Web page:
With its central location in Southeast Asia and its status as a financial and commercial hub, Singapore is a great place to expand your company. However, it’s critical to understand the country’s various employment laws, taxation rules, and how to stay compliant when setting up payroll.
Taxation rules in Singapore
Singapore operates under the Central Provident Fund (CPF), its nationally mandated benefit or social security program. You should budget around 17% of your employees’ salaries as a cost paid to the CPF by the employer.
Taxation and other enterprise disbursements are administered by the Inland Revenue Authority of Singapore, which has instituted a progressive tax rate that ranges from 0% to 22%. Singapore does not have payroll withholding. The taxes your employees pay will depend on their salary, but they will only get taxed on the income they earn in the country. As an employer, you’ll use Form IR8A and Appendix 8A, Appendix 8B, or Form IR8S to prepare an annual wage report by March 1.
Singapore payroll options for companies
Before you set up payroll in Singapore, you’ll need to learn about the different available payroll options:
- You can pay employees yourself through your parent company. However, you will need to establish a subsidiary in Singapore before you can officially hire and pay an employee.
- If you set up a subsidiary but don’t have the means to administer payroll, you can look into Singapore payroll outsourcing. While the outsourcing company can manage compensation, you are still responsible for making sure you stay compliant with all payroll regulations and overall employment compliance.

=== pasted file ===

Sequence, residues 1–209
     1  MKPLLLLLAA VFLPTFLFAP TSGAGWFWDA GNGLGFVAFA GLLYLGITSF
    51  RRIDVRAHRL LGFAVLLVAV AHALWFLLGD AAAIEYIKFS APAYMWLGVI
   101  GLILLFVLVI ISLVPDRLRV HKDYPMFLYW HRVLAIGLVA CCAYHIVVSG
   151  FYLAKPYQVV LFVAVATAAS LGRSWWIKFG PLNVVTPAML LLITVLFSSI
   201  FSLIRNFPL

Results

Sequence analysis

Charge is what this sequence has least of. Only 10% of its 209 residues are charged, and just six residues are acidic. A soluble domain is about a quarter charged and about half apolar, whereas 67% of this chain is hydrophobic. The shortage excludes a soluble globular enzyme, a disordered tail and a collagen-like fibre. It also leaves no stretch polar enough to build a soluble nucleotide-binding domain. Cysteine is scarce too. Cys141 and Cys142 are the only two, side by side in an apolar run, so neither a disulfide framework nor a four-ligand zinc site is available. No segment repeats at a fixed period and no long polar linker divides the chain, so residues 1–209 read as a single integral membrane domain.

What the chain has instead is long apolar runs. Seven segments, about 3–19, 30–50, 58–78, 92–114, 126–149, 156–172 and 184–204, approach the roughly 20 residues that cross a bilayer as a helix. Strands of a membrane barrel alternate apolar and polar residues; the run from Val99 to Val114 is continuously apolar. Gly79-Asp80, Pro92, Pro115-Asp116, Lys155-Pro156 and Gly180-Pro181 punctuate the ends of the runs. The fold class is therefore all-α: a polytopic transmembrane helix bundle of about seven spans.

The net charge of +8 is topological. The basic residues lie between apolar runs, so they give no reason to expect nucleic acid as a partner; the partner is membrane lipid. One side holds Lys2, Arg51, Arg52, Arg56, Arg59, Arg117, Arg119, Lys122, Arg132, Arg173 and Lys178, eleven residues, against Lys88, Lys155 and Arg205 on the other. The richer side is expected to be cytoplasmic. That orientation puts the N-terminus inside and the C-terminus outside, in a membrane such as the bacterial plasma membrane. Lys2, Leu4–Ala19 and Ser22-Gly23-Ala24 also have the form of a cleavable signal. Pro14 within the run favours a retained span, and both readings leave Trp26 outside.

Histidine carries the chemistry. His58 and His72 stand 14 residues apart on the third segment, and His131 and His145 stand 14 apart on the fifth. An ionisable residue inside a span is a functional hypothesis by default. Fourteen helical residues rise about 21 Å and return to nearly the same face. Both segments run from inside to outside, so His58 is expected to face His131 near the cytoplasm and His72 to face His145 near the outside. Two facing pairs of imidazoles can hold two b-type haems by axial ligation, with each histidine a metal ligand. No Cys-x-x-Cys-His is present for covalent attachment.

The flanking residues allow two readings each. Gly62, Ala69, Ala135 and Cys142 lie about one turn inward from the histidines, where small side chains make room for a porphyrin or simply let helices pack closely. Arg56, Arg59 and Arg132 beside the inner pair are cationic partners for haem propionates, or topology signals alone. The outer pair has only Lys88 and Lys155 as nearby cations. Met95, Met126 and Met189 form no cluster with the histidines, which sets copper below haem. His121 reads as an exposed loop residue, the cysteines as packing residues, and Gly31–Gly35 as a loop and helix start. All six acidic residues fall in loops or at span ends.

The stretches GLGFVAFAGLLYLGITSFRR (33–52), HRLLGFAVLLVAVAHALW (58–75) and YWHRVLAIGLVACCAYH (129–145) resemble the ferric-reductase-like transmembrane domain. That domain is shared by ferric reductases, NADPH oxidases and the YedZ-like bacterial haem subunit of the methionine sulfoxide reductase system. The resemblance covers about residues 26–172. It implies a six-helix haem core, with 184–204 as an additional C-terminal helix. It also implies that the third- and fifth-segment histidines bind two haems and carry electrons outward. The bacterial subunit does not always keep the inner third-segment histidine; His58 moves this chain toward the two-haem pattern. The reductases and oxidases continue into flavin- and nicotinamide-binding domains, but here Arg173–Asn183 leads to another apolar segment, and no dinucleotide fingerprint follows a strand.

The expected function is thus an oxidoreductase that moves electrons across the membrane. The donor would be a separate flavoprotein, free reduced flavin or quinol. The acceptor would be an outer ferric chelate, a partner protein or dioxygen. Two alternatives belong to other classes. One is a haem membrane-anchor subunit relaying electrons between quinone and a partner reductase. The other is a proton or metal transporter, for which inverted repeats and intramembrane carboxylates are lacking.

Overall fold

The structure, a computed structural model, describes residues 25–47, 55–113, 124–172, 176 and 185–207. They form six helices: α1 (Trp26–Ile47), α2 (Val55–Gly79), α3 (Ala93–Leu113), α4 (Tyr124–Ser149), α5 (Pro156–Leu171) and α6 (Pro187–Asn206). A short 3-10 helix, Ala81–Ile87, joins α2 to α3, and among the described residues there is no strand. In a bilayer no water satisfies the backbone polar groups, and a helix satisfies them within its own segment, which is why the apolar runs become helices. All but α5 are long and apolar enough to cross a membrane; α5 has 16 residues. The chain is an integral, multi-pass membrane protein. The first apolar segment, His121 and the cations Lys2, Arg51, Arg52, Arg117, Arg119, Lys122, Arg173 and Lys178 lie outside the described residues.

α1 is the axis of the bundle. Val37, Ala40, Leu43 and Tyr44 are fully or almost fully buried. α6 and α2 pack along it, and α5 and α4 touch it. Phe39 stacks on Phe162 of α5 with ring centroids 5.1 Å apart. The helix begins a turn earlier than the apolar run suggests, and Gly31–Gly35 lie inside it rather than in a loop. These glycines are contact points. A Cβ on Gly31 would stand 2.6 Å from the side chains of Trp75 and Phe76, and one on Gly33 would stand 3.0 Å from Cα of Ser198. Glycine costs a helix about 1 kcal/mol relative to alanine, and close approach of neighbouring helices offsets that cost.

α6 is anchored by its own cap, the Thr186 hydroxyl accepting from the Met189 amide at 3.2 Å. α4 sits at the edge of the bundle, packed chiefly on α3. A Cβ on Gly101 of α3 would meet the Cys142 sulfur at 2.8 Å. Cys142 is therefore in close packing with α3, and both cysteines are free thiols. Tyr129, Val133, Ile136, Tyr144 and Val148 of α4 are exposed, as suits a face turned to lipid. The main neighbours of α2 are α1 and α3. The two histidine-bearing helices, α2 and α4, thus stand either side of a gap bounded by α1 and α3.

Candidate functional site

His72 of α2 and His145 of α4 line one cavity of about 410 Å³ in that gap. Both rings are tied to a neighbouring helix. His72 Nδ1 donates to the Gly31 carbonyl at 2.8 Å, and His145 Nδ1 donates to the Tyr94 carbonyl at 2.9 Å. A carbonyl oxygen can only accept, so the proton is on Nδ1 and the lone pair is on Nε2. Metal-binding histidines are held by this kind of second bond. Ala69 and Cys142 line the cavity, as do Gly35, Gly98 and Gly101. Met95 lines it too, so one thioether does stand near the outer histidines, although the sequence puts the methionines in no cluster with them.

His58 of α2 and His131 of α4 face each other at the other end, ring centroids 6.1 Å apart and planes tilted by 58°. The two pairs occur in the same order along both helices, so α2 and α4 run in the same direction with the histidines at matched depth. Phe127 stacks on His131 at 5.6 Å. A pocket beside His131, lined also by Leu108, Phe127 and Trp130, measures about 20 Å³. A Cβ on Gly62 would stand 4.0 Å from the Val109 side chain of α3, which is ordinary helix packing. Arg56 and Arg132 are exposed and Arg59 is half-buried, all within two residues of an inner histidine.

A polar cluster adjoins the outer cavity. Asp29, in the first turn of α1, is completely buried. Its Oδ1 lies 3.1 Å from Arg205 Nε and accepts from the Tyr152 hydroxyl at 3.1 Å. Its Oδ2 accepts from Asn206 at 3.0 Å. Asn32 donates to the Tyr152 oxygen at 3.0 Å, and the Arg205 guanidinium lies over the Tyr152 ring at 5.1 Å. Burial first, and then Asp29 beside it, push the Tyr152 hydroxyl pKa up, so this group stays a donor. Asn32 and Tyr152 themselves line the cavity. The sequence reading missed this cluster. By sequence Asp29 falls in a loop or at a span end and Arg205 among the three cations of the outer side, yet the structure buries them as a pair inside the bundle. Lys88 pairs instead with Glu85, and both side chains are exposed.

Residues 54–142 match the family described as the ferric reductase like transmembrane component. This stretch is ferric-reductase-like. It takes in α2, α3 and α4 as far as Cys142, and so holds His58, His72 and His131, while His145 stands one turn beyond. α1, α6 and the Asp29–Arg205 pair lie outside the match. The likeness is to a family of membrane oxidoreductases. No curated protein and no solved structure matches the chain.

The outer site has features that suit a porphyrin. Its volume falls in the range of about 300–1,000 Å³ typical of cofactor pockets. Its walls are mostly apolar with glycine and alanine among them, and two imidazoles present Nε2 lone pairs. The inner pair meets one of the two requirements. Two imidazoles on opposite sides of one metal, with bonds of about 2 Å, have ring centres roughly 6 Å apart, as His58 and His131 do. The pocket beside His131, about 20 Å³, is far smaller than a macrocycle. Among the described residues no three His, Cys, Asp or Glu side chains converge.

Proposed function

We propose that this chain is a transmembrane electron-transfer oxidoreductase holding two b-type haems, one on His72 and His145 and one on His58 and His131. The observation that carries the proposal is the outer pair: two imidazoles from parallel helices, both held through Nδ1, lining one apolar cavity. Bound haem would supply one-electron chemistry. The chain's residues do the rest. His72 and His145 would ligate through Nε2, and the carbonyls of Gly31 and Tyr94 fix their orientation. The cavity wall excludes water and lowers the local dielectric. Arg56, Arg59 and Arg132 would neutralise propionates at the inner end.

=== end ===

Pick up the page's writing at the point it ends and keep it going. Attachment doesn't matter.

- You can also choose to streamline global payroll management with a Global Growth Platform™ such as G-P’s. We ensure your employees are paid on time and accurately – in full compliance with local laws – so you can focus your time and resources on other areas of your global growth.
How to set up a payroll in Singapore
Before setting up Singapore payroll, you have to establish an entity or subsidiary.
Entitlement and termination terms
You need to establish certain entitlement and termination terms with any Singapore-based employee. Both should be included in the employment contract that should be created and signed before your employee’s first day. The notice period for termination ranges by the length of a worker’s service. It is common practice for 1 month’s termination notice to be provided. However, if the notice period is not specified in the employment contract, the following periods apply:
If you are handling the employment and payroll yourself, consult with someone well-versed in Singapore employment law to make sure all aspects of entitlement and termination are compliant.
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